Scottish Liberal Democrat justice spokesperson Liam McArthur has today revealed the longest outstanding waits for fatal accident inquiries in Scotland now run to almost a decade and branded such inquiries “next to useless and an insult to families.”
The party are now calling for the Scottish Government to remove such inquiries from the remit of the Crown Office and set a one-year timeline for them to commence. For cases which do not commence within 12 months, the investigating body will be required to provide a report to the government and to relatives of the deceased outlining why this has occurred.
As of 28 October 2021:
- The longest wait for a fatal accident inquiry instructed that remains outstanding dates back to 2012/13 and runs to 3,427 days.
- The longest outstanding wait for a fatal accident inquiry where the deceased was in custody dates back to 2014/15 and runs to 2,678 days.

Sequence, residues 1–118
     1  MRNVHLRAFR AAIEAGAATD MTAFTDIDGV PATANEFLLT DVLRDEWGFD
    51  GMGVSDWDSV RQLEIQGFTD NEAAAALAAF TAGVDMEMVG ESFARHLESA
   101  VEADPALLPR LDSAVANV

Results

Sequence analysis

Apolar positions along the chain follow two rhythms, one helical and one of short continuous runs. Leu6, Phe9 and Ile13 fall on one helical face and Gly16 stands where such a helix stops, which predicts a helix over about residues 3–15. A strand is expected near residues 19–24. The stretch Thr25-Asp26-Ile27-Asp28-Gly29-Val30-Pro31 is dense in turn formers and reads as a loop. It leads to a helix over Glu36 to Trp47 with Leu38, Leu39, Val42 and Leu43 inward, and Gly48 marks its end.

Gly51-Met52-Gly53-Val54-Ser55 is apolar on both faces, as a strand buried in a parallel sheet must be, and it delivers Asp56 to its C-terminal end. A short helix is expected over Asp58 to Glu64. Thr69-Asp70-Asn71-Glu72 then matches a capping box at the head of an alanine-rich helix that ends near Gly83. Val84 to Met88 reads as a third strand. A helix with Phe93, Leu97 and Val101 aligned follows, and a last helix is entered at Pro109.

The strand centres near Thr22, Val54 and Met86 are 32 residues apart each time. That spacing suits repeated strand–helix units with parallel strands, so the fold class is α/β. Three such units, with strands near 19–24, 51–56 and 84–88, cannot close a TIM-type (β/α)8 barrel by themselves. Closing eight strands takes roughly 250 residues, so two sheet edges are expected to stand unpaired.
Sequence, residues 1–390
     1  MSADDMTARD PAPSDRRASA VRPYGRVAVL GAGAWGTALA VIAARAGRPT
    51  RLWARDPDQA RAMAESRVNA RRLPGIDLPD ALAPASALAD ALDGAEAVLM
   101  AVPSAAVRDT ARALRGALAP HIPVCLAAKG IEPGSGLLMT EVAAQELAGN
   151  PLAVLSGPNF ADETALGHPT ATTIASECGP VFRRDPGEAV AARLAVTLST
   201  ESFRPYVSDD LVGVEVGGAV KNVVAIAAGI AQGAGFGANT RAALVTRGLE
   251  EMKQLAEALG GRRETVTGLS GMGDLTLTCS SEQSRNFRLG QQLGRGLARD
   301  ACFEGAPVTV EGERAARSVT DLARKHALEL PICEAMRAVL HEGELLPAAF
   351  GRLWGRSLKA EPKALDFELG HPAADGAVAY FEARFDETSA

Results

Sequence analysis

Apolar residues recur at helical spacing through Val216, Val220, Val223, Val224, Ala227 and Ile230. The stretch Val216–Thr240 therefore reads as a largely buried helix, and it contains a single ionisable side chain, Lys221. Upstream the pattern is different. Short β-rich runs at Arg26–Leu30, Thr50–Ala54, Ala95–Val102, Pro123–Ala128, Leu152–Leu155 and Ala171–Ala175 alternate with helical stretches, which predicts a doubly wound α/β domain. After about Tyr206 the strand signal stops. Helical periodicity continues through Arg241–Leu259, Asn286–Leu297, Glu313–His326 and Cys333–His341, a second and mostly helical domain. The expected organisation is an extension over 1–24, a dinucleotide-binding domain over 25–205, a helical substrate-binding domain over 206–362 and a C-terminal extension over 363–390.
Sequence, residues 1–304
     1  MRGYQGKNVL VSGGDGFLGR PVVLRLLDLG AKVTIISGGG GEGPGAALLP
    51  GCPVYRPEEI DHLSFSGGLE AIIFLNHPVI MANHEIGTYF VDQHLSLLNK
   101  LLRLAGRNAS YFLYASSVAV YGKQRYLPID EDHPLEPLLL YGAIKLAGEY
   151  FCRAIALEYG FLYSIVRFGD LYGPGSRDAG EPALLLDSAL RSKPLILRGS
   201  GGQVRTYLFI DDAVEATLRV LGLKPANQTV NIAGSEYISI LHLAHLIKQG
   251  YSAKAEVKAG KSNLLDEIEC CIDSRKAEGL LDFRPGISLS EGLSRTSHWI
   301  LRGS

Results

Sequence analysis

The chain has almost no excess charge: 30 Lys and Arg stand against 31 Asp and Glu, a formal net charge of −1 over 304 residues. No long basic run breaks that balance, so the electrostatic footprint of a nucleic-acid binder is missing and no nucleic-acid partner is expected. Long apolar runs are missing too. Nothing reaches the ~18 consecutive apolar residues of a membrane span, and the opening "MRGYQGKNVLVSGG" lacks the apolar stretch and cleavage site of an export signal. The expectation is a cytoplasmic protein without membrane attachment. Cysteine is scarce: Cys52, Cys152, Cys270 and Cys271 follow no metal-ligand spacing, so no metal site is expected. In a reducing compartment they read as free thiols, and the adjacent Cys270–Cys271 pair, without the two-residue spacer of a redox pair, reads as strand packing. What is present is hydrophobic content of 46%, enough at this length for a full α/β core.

- 10 inquiries more than five years old remain outstanding.
- The average length of time it took to conclude a fatal accident inquiry completed in 2020/21 was 1,018 days, or almost three years.
Scottish Liberal Democrat justice spokesperson Liam McArthur MSP said:
“The fatal accident inquiry system should be about offering closure for families and learning lessons for the future. A system that takes almost ten years to come to its conclusions is next to useless and an insult to families.
“Across Scotland families are desperate for answers about the fates of their loved ones but after a decade evidence is lost and memories fade.
“The Scottish Government have had plenty of opportunities to reform fatal accident inquiries but they have clung to a failed system. It is time FAIs were removed from the remit of the Crown Office and handed to a new body charged with ensuring that inquiries begin within a year and results are presented in a timely fashion.”